Another interesting finding of our study was that about 23% of patients with HCC who were treated with surgical resection had decompensated liver disease. Furthermore, 74% of patients with surgical resection had regional/distant/unstaged disease. Both of these findings suggest that a significant proportion of HCC patients who underwent surgical resection did not have early stage HCC or early stage cirrhosis which are recommended for resection per HCC treatment guidelines.[18] These findings certainly could have impacted their survival and outcomes. It was previously reported that retrospective analysis of large-size surgical series showed that 43% to 48% of patients treated with surgical resection had diseases classified as intermediate or advanced stages according to the Barcelona Clinic Liver Cancer Group classification.[42] For example, in a study of Ng et al,[43] survival of patients who underwent surgical resection for early or intermediate HCC was compared. 48% of the study population was comprised of patients with intermediate-stage HCC (single nodule>5 cm or multinodular), who had significantly worse overall and disease-free survival rates and higher intrahepatic tumor recurrence rates than patients with early HCC. On the other hand, there is no doubt that patients with early, small HCC have excellent prognosis after hepatic resection when selected appropriately. Indeed, some previous studies have suggested that transplantation provides no significant advantage for patients with early staged HCC, whereas other studies have shown that survival after surgical resection was not inferior to transplantation in the appropriate patients.[26,28,4447] In a recent study, the outcomes of patients with early HCC (less than 2 cm, with Child Pugh A) were assessed. In this study, death within 2 years of diagnosis was 0% for both groups, whereas mortality within 3-year of diagnosis was 8.3% for transplantation and 6.7% for resection.[28] In our analysis, we assessed the impact of “appropriate surgical resection” by performing a subgroup analysis that focused on the outcome of surgical resection within “guideline” recommendation. In fact, mortality rates for the group that underwent surgical resection and liver transplantation were 34% and 25% (P = 0.85). This analysis showed that the mortality rate of surgical resection decreases substantially when patients receive surgical resection appropriately in the absence of decompensated cirrhosis and distant staged disease. In fact, these findings are consistent with previous studies highlighting the importance of appropriate selection of patients for surgical resection.[20,44,48,49]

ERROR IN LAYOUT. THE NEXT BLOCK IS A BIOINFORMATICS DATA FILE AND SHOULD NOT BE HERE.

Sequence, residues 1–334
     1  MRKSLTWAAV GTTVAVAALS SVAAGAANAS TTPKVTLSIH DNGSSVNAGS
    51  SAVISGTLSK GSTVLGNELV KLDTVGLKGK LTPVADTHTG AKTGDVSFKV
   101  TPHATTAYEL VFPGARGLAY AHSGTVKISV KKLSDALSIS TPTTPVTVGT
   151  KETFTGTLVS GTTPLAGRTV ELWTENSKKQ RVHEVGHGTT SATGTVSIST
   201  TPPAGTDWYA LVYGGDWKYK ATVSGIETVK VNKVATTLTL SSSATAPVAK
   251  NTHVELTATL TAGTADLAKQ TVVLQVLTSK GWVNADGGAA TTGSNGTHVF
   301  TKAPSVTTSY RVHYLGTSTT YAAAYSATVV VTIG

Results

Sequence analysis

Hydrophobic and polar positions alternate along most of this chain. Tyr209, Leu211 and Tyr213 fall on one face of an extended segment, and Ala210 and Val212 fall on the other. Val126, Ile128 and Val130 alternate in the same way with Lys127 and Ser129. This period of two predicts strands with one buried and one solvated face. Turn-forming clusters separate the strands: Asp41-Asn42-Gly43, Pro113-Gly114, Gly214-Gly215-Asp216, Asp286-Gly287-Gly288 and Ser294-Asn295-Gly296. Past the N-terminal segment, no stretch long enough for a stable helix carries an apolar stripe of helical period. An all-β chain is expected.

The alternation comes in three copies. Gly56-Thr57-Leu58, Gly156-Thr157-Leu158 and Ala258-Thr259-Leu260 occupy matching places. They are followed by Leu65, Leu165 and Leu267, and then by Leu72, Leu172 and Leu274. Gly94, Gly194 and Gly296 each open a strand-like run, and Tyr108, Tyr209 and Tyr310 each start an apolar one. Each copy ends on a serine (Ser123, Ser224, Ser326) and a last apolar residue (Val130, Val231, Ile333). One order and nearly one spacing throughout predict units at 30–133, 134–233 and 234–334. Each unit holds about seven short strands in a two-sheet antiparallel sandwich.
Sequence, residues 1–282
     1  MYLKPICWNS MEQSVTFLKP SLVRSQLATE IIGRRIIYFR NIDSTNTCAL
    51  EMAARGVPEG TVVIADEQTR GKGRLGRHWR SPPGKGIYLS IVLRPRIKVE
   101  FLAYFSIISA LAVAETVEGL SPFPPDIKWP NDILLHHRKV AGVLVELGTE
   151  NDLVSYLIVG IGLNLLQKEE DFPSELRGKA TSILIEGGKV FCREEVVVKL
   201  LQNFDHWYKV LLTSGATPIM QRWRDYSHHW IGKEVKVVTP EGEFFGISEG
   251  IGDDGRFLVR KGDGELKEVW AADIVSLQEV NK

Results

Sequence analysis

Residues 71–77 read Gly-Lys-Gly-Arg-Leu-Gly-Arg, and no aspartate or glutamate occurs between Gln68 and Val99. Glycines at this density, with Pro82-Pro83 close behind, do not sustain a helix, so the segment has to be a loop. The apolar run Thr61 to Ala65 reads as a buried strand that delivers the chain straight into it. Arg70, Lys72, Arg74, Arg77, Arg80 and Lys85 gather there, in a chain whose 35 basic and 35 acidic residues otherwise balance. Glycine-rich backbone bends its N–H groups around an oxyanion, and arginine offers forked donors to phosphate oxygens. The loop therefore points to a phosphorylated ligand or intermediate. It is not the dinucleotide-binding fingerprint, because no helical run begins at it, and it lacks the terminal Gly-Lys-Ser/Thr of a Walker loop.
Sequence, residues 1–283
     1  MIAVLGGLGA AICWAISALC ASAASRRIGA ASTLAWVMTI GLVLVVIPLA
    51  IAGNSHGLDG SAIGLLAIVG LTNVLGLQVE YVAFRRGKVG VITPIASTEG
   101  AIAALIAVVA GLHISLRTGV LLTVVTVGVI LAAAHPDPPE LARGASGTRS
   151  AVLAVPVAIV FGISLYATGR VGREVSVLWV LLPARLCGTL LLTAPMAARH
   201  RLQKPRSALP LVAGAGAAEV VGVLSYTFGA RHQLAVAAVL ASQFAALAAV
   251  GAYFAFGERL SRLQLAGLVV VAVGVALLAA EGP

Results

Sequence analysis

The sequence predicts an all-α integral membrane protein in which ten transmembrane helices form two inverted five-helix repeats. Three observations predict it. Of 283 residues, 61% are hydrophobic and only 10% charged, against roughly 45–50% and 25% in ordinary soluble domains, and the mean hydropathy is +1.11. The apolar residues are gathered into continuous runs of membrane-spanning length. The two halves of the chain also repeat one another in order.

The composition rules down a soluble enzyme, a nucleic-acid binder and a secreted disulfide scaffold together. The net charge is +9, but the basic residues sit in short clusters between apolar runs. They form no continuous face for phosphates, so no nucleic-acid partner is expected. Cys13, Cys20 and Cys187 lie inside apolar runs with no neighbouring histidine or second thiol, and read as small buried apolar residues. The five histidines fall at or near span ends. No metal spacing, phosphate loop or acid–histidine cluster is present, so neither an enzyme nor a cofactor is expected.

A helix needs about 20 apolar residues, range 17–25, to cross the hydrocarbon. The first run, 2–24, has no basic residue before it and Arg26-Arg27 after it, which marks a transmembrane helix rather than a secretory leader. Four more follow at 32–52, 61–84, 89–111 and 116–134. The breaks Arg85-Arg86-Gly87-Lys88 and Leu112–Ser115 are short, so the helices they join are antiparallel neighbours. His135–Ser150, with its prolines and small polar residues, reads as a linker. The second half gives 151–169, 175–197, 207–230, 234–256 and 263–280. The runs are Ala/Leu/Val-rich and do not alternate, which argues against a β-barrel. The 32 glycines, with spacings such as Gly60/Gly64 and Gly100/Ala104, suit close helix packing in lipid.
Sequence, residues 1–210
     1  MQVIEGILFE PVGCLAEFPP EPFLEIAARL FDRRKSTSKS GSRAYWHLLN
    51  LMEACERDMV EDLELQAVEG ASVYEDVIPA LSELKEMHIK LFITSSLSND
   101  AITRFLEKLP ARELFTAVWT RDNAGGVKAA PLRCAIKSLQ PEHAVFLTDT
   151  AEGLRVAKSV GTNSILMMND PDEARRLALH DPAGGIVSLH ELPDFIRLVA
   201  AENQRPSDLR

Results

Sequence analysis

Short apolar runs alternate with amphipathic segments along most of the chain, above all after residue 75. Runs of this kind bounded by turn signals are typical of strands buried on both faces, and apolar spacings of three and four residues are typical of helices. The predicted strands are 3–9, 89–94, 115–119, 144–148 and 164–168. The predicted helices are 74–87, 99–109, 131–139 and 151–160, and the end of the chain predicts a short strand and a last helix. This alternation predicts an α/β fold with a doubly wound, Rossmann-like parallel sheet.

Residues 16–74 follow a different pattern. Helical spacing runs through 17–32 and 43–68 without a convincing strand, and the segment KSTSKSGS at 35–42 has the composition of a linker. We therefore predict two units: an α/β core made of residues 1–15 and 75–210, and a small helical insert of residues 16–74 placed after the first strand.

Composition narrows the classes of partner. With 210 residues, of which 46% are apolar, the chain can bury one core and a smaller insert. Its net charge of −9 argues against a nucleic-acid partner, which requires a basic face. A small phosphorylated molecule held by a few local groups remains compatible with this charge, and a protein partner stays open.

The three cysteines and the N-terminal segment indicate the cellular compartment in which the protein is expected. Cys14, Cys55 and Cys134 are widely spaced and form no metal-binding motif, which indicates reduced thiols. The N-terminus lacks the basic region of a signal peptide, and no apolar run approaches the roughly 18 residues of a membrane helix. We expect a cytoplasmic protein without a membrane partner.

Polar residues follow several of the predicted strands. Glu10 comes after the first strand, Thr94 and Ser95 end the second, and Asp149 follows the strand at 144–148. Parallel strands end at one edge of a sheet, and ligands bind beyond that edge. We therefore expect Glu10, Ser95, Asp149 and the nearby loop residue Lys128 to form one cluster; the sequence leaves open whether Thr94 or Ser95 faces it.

There are a number of limitations to this study. First, even though we provided data from a strong population-based database, the linkage between SEER data and Medicare can be limited. Usually all cases reported by the SEER registries are matched to the Medicare database, but, depending on the year of a diagnosis, the linked data may not show up. Second, although Medicare is a large database and frequently used by healthcare researchers, ICD-9 codes have been used for disease definitions and there might be discrepancies in the accuracy and the completeness of the data.[50] Also, as there are multiple ICD-9 codes for a particular disease, and patients may have more than 1 underlying liver conditions, there is a possibility of minor ineluctable overlaps in disease categories. Finally, we had 24-months of follow-up and survival data for the study population, which might be insufficient to assess the differences in survival rates among these groups.

In conclusion, within 2 years mortality was significantly lower in the transplantation group than the surgical resection group. However, once “inappropriate” cases of surgical resections were removed, the survival was similar in both groups. We also conclude that compared to patients with HCV-related HCC, patients with alcoholic liver disease-related HCC and NAFLD related HCC are more likely to die within 2 years. As the prevalence of obesity and related NAFLD increases, this will be an important issue in the context disease burden related to HCC in the United States.

Acknowledgments

The authors would like to thank Deena Hallaji, Manirath Srishord, and Brian Lam, PA-C for their great support during the formation of the manuscript.

Supplementary Material

Supplemental Digital Content:

Footnotes

Abbreviations: HBV = hepatitis B virus, HCC = hepatocellular carcinoma, HCV = hepatitis C virus, ICD = International Classification of Disease, LT = liver transplantation, NAFLD = Non-alcoholic fatty liver disease, SEER = Surveillance, Epidemiology and End Results, SR = surgical resection, TACE = transarterial chemoembolization.

Declaration: The manuscript has not been published previously, in any language, in whole or in part, and is not currently under consideration elsewhere.

Authorship: All authors read and approved the final version of the manuscript.

Funding: This study was internally funded, no external funds were received.

The authors have no conflicts of interest to disclose.

Supplemental Digital Content is available for this article.